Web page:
Working with Builders: What You Should Know Image

Working with Builders: What You Should Know


The Real Estate Act Exemption Regulation exempts builders and their employees from the requirement to hold a licence from RECA when selling the builder’s properties.

This can lead to confusion when a licensed real estate professional is working with a builder or selling on behalf of the builder. You need to understand what RECA requires or doesn’t require of you when working with a builder.

Property Size: If you’re a licensed real estate professional selling on behalf of a builder, does the builder need to use the Residential Measurement Standard (RMS) when measuring the property?

No, the builder does not have to use RMS. However, as an industry professional, RECA requires you to use the RMS when you advertise the size of the builder’s property. The RMS also requires residential real estate professionals to measure a property themselves or hire a qualified measurement company to do so according to the RMS, regardless of other available measurements. If you are advertising the property for sale and including its size, it must be the RMS size. You can include the builder’s measurement as an additional measurement in your advertising if it is not misleading, and you disclose what the measurement is and how the builder came to that size.

The builder can advertise their preferred size if they list their own properties on their own website or printed material that does not mention your involvement with the property.

Disclosures: What disclosures do I have to make to potential buyers as a licensed real estate professional selling a builder’s newly built/unbuilt homes if I’m not an employee of the builder?

The same disclosures apply whether you’re representing the seller of a newly built/unbuilt property or the seller of a resale property.

As an industry professional you have a duty to ensure that your role in the transaction is clearly understood. If you represent the builder as a licensed professional, you must disclose that fact to potential buyers. You represent the interests of the builder and not the interests of the buyer. The buyers have the same options as they would in any other transaction:

• the buyer can hire their own licensed professional to work on their behalf
• the buyer can become a customer
• if the builder and buyer agree, you can facilitate the transaction through a transaction brokerage agreement

Brokerage involvement: If I’m selling a builder’s newly built/unbuilt property as a licensed professional and I’m not an employee of the builder, does the transaction still go through my brokerage? Can we use my brokerage trust account?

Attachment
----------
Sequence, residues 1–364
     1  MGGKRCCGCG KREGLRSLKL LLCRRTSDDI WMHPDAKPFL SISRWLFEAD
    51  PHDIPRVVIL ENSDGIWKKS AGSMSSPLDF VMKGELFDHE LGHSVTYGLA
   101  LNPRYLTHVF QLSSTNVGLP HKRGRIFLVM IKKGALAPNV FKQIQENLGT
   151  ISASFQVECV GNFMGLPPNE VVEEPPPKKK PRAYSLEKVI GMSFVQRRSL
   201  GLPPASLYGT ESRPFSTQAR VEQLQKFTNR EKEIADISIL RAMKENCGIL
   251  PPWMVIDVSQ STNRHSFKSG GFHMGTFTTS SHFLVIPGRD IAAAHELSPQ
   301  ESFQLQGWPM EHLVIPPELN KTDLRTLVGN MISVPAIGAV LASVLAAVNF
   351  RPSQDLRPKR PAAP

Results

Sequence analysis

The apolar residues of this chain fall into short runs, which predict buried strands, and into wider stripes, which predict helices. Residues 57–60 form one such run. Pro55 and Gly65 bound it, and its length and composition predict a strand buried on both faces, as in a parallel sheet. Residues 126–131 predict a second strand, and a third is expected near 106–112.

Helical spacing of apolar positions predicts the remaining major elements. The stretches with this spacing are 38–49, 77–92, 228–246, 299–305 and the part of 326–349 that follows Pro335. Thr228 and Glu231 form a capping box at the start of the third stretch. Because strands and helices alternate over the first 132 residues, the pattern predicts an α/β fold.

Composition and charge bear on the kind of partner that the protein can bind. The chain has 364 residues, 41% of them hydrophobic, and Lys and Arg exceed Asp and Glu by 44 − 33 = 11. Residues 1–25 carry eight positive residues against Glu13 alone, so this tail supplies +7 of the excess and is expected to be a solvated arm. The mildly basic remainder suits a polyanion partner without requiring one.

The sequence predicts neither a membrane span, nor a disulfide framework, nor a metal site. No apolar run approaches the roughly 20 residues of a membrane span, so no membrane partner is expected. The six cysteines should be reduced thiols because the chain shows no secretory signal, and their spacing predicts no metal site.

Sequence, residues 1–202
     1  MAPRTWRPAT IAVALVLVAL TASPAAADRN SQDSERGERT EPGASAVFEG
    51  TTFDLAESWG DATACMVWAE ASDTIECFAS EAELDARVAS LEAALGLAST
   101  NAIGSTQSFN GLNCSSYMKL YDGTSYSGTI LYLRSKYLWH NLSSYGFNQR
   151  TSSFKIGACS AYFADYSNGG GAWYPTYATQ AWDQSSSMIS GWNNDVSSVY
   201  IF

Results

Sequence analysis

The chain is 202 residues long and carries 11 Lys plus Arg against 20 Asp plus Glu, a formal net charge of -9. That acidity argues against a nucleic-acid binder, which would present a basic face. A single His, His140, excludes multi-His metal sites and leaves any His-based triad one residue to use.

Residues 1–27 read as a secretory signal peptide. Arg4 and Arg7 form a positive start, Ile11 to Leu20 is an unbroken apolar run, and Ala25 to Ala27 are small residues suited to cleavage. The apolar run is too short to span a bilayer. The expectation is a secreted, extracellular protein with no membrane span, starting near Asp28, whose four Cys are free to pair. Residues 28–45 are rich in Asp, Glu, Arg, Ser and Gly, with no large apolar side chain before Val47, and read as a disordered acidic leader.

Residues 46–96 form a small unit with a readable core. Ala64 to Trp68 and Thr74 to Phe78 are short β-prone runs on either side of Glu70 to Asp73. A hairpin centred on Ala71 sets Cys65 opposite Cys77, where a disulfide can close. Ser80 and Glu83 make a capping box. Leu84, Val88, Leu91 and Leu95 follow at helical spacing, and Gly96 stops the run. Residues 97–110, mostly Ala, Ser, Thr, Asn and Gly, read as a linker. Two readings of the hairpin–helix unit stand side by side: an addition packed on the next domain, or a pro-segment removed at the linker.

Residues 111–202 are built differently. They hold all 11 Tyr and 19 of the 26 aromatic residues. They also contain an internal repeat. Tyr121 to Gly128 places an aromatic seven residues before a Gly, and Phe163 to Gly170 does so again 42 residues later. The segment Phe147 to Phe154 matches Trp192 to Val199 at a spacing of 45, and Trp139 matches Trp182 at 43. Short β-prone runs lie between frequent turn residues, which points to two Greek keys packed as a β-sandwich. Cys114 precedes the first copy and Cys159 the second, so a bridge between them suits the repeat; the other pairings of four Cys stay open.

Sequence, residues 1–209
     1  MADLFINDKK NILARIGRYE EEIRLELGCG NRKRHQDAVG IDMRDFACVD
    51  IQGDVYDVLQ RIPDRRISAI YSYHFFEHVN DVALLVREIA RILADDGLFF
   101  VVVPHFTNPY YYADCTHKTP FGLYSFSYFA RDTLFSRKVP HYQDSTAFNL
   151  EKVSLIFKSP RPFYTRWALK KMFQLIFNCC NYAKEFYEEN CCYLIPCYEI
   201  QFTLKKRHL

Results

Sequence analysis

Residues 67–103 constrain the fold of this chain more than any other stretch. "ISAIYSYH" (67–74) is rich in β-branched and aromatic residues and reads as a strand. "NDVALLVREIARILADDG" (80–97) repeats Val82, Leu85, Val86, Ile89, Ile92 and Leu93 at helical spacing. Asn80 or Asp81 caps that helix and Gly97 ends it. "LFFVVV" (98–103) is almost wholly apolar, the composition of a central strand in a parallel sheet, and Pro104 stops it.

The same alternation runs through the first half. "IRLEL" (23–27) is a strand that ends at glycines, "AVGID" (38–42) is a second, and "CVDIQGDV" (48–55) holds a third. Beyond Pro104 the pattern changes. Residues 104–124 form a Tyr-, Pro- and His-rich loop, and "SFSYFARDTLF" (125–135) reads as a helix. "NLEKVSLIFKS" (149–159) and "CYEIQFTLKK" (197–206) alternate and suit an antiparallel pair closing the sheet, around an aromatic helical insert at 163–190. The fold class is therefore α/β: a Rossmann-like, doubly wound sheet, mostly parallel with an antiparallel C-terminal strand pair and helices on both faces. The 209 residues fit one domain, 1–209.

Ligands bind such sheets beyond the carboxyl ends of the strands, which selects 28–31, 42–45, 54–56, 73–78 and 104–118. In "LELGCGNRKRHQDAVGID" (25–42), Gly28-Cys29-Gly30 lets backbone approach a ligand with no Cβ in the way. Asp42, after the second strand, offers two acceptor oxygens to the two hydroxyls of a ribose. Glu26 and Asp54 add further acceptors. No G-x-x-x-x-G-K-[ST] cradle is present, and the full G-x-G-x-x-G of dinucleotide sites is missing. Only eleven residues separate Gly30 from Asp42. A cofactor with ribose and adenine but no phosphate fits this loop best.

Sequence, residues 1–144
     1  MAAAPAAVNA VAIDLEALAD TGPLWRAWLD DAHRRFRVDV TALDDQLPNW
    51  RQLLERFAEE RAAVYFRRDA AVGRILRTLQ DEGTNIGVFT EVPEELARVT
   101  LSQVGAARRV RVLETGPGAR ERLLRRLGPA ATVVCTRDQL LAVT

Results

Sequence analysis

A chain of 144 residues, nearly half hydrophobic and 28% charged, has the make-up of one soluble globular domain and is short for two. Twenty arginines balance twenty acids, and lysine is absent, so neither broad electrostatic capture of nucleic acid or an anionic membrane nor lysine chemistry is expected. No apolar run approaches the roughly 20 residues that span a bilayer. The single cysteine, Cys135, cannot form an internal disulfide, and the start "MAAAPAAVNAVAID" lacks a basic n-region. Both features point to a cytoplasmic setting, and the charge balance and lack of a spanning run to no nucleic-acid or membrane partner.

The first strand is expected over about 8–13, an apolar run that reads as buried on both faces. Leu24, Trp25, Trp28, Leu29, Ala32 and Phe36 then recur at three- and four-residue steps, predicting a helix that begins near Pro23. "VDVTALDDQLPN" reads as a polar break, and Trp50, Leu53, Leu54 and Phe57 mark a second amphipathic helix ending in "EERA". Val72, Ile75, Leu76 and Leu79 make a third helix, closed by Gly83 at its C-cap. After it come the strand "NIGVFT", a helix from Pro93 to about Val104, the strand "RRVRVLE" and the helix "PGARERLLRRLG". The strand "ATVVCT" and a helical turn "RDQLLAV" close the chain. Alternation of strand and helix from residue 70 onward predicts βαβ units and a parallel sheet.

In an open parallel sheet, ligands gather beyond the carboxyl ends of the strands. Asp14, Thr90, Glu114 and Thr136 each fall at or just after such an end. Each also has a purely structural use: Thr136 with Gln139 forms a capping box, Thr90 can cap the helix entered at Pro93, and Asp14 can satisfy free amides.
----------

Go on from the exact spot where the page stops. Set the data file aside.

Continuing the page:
If you are working as a licensed professional in the transaction it MUST go through your brokerage. Who holds the trust depends on the type of property.

If you are representing a condominium developer and selling their newly built or unbuilt condos, builders and brokerages are no longer allowed to hold deposits, unless they are covered by a Purchaser Protection Plan approved by the Minister of Service Alberta. For deposits not covered by such a plan, Service Alberta announced new condominium legislation in late 2017/early 2018 stating that a member of the Law Society of Alberta (a lawyer) must hold deposits in trust for buyers of these properties.

If you are representing a new home builder and selling their newly built or unbuilt homes, you and the other parties to a transaction set the terms of the trust in the purchase contract, just as in a resale transaction. All parties must agree on who holds the deposit, and it can be your brokerage, the buyer’s brokerage, a lawyer, or the builder.

Always remember to review your brokerage policies, as they may have a policy surrounding who must hold a deposit in transactions involving the brokerage.

What if you’re the employee of a builder AND a licensed real estate professional? What hat are you wearing when you’re sitting at the show home?

When negotiating and completing a transaction involving the builder’s property as an employee of the builder, you are just that: an employee. As an employee you are exempt from licensing requirements for that transaction, including disclosures and referral requirements.

But if you are acting as an employee of the builder, you should not hand out business cards or other marketing material that includes your brokerage.

You should also be aware that when you are acting as an employee of a builder and not a licensed real estate professional that your actions are not covered by the errors and omissions insurance all real estate professionals hold with REIX.

Your licence does not disappear when you act as an employee of a builder. The expectation of good character still applies to all of your dealings; licensed activity or not. Therefore, if you act in a misleading manner or commit fraud or any illegal acts while working as an employee of the builder, RECA can still investigate that conduct.